On June 15, 2018, the Office of the U.S. Trade Representative (“USTR”) announced a list of products imported from China that will be subject to additional tariffs, either imminently or subject to further public comment. This action results from USTR’s investigation into Chinese trade and industrial policies that harm U.S. intellectual property, which was initiated in August 2017 under Section 301 of the Trade Act of 1974. USTR’s announcement followed President Trump’s May 29, 2018 decision to release the product list for new Chinese tariffs by June 15. Friday’s action signals that the bilateral trade negotiations between the two countries, which have been ongoing since early May, were unable to quell the threats that the two sides have made.
A list of Chinese products subject to the Section 301 tariffs was originally issued in April 2018. (See our April 4 Legal Update, “U.S. Announces Section 301 Tariffs and China Immediately Reciprocates.”) The revised list was released on June 15 after a notice and comment period and consists of two sets of U.S. tariff lines (1,102 tariff lines in total) valued at approximately $50 billion. The first set contains 818 tariff lines for which the United States will impose an additional duty of 25 percent on imports from China, effective July 6, 2018.1 These tariff lines cover approximately $34 billion worth of imports from China and are consistent with the proposed product list released for public comment back in April.
The second set contains 284 new tariff lines identified as benefiting from Chinese industrial policies, including the “Made in China 2025” program, subsequent to April.2 These 284 lines, which cover approximately $16 billion worth of imports from China, will undergo further review in a public process, including a public hearing. Thereafter, USTR will issue a final determination as to whether some or all would be subject to the additional duties.
Within hours of USTR’s June 15 tariff announcement, China harshly condemned the U.S. action and announced its own list of U.S. products subject to tariffs. Similar to the U.S. approach, China announced a product list consisting of 545 tariff lines for which U.S.-origin products will be subject to an additional duty of 25 percent, also effective July 6, 2018.3 The U.S. products affected include agricultural products (such as soybeans), cars and aquatic products, valued at approximately $34 billion. In April, China also proposed that certain U.S. products would be subject to new duties in response to U.S. action. (See our April 4 Legal Update, “U.S. Announces Section 301 Tariffs and China Immediately Reciprocates.”)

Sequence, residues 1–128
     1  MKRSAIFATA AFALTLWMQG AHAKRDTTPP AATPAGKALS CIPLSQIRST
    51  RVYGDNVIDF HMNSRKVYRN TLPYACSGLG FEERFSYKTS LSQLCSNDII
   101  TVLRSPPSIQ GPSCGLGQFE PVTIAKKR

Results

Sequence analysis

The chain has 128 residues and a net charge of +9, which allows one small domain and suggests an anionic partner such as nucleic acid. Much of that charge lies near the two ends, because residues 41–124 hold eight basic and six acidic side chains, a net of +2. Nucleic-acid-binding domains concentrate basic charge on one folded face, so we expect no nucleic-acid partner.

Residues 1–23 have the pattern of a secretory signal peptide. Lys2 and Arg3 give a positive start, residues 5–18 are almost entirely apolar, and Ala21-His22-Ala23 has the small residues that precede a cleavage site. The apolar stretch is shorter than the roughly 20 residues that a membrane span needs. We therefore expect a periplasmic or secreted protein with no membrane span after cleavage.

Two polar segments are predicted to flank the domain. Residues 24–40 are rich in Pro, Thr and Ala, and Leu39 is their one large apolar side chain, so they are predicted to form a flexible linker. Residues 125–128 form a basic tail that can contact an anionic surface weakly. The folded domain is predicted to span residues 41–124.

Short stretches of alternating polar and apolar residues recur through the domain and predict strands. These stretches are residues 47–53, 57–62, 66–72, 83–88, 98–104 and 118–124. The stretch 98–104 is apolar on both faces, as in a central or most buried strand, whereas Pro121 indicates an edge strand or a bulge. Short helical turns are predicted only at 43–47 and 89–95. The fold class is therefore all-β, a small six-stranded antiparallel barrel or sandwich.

When compared with the April list, China’s latest list does not include airplanes but nonetheless is significantly expanded—from 106 tariff lines to 545 tariff lines. The 545 lines include a variety of animal products (meat, fish and dairy products, in particular), vegetable and fruit products and nuts, as well as aquatic products, which were added after April. And, just as the United States did, China has “proposed” to impose an additional duty of 25 percent on a second list of U.S.-origin products across 114 tariff lines. The second list consists of chemicals, medical equipment and energy products, valued at approximately $16 billion.4 As compared with the April list, China added a slew of minerals to the list of products potentially subject to additional duties. With respect to the second list, “the final measure and the effective date will be publicly announced separately.”5
Finally, China separately indicated that all of the economic and trade outcomes the two parties had reached in previous negotiations over the last several months will become invalid. Thus, for example, China is presumably withdrawing its commitment to strengthen cooperation between the two countries in the agriculture and energy sectors, including reportedly an offer to purchase $70 billion worth of U.S. agricultural and energy products and other goods. In addition, it is unclear whether China will also withdraw the commitments it has made in the U.S.-China Economic Cooperation 100-Day Plan (the “100-Day Plan”) following a presidential summit at Mar-a-Lago back in April 2017. During the negotiations in recent months, U.S. officials pursued Chinese actions on several issues included in the 100-Day Plan, such as those related to poultry, beef and biotechnology. Based on Friday’s U.S. tariff announcement and China’s hard-line response, the U.S. demands on these issues are unlikely to be met in the near future. China also promised to meet tariff increases with tariff increases.